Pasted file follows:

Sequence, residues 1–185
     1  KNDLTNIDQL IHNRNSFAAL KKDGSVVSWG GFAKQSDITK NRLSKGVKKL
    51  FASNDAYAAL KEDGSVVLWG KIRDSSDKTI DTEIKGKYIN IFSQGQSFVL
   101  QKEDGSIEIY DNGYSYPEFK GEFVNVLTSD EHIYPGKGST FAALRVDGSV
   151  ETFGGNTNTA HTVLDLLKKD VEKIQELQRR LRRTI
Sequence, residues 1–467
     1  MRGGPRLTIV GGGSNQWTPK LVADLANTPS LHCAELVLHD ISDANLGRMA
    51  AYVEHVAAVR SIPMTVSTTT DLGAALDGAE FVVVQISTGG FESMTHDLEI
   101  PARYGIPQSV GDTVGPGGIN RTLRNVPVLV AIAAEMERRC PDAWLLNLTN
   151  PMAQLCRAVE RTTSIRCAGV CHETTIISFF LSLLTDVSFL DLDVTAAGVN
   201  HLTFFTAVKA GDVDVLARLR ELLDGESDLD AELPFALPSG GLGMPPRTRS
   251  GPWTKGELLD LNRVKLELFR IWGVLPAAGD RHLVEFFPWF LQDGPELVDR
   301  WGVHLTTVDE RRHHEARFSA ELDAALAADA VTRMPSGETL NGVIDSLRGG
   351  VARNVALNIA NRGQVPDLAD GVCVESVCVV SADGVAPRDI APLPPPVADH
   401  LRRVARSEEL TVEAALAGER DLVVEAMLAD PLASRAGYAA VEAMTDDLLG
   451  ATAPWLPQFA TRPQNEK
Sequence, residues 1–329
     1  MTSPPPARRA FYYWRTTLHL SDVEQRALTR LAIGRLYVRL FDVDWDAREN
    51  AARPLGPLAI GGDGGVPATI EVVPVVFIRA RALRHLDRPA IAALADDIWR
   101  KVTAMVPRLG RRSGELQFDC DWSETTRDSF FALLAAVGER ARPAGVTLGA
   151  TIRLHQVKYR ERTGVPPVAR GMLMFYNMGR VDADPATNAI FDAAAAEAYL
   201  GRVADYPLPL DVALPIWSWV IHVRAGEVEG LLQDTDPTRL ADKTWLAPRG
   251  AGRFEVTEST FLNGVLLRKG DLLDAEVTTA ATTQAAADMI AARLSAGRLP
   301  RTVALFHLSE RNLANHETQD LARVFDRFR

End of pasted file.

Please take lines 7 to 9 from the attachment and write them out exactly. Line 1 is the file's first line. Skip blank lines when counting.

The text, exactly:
     1  MRGGPRLTIV GGGSNQWTPK LVADLANTPS LHCAELVLHD ISDANLGRMA
    51  AYVEHVAAVR SIPMTVSTTT DLGAALDGAE FVVVQISTGG FESMTHDLEI
   101  PARYGIPQSV GDTVGPGGIN RTLRNVPVLV AIAAEMERRC PDAWLLNLTN